Meaning Of Life Part IV

Meaning Of Life Part IV


The search for meaning, according to Giegerich, is self-contradictory:

The search for meaning is in truth, but secretly, the longing for a state of in-ness, but since the question about the worth and meaning of life has existence as a whole in its field of vision, it inevitably positions us outside and vis-a-vis life. The search for meaning unwittingly has to construe that which it desires to be the logic or syntax of life as a semantic content, as a kind of doctrine of wisdom or a creed or ideology, ultimately as a commodity. This is why today meaning exists in the plural of numerous competing meanings put up for sale on a large “meaning market” by a whole “meaning industry”, and why we are in the position of customers who have to make their decisions and choices about these “meanings.” Even if we “buy” a certain meaning and immure ourselves in it, nothing can undo the fact that it is a secondary acquisition and that our in-ness in it, if it comes to exist at all, is like that in a house that we ourselves built or rented, not that kind of a priori and irrevocable in-ness that was actually sought.

Let’s examine Giegerich’s term, “in-ness,” a little closer. As was previously stated, Giegerich compares in-ness to that state in which a fish has its existence in water. It is totally contained in its world and this is its meaning for existence. It doesn’t need to question it; it just is.

Meaning, where it indeed exists, is first of all an implicit fact of existence, its a priori. It can never be the answer to a question; it is, conversely, an unquestioned and unquestionable certainty that predates any possible questioning. It is the groundedness of existence, a sense of embeddedness in life, of containment in the world–perhaps we could even say of in-ness as the logic of existence as such. Meaning exists if the meaning of life is as self-evident as the in-ness in water is for fish.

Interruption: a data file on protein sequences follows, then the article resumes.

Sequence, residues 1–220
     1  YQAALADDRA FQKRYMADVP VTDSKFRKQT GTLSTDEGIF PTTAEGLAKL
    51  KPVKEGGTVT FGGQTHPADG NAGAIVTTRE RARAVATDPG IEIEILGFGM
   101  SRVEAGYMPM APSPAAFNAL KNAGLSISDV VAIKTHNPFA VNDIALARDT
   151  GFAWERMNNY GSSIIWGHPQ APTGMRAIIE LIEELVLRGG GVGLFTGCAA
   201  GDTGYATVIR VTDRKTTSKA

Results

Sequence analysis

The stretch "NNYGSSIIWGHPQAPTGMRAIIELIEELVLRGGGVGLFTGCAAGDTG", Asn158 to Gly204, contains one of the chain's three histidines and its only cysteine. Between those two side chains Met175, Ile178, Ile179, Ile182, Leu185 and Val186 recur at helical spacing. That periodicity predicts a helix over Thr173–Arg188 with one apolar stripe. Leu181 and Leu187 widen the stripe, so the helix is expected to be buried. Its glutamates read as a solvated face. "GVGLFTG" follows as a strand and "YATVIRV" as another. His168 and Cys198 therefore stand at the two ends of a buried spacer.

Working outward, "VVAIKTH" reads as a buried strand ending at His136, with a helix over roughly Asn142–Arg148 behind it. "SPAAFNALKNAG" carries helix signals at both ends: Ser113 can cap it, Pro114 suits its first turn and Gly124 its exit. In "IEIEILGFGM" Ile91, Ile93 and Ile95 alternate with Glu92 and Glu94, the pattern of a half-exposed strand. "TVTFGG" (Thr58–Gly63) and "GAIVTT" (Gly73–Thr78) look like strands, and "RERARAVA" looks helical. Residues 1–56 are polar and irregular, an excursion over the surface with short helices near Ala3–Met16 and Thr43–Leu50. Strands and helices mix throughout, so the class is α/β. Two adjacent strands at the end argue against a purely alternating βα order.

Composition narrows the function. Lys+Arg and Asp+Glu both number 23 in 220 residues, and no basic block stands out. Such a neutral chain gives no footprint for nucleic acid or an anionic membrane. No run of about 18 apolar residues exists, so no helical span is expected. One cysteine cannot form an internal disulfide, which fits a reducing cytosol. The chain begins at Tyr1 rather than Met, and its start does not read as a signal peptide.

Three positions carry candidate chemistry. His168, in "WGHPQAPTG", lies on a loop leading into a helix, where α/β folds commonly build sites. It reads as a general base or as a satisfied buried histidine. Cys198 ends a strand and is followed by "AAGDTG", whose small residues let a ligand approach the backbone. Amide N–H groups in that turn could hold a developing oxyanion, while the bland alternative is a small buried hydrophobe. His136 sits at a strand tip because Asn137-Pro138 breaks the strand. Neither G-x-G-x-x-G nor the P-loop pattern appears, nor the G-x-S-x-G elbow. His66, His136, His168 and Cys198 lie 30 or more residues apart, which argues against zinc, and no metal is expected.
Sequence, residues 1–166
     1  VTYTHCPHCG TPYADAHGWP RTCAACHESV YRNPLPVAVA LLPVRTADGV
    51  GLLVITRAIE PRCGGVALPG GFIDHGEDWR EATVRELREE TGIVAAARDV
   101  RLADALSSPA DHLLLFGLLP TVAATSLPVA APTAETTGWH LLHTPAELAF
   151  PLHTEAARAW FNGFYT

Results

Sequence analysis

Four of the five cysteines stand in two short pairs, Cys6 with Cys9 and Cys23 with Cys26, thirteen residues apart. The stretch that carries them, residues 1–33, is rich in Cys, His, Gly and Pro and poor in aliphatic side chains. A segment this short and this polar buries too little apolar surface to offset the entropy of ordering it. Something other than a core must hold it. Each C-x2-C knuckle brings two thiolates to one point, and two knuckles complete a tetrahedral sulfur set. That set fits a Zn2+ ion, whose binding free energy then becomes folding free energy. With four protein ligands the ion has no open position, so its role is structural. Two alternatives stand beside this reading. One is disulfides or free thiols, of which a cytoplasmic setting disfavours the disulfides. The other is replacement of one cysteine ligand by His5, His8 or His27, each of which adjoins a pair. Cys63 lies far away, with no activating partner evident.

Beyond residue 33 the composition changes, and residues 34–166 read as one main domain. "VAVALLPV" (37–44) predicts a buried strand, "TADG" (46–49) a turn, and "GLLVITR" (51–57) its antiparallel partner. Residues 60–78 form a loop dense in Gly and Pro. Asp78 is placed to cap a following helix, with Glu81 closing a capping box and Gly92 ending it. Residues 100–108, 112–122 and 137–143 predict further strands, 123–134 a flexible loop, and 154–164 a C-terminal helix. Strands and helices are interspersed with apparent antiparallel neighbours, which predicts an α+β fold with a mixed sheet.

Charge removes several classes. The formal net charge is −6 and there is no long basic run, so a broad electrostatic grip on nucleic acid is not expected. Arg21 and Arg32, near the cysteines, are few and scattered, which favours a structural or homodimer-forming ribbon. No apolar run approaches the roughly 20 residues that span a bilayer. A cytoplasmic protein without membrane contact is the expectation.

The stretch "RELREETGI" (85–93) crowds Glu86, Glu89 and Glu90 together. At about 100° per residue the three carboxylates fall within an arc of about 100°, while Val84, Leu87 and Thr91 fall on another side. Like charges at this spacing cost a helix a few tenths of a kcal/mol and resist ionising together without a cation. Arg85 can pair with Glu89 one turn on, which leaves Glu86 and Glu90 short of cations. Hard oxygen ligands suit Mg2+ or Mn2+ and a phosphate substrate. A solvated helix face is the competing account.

Humans, prior to the end of the mythological age, were totally immersed in their world. Their myths, legends, and religions were not offered as answers to questions concerning the meaning of life. Rather, they were emanations of human thought that factually expressed human experience as totally contained, totally immersed in Nature.

There were different ways of expressing in-ness. One was expressed imaginally through the creation of myths; another was through metaphysics, utilizing human reason. These modes of thought

were the self-expression in consciousness of the meaning
that was.

The end of in-ness, as we have discussed, came sometime in the nineteenth century, according to Giegerich. I can’t help but think this was somehow meant to be. It is as if our evolution on this planet demanded that we shift our mode of existence for some unknown reason. Admitedlly, the shift has resulted in much pain and suffering for mankind. Just the psychological toll alone has been tremendous, not to mention the death and mayhem caused by various totalitarian ideologues who claimed to have solved the riddle of life.

I am reminded of how reality’s pendulum swings from side to side, continuously. Do we strive to return to in-ness? I say, Live life as it is and do not strive at all. Live life to the fullest! Forget about meaning. The question is moot. Carpe diem!

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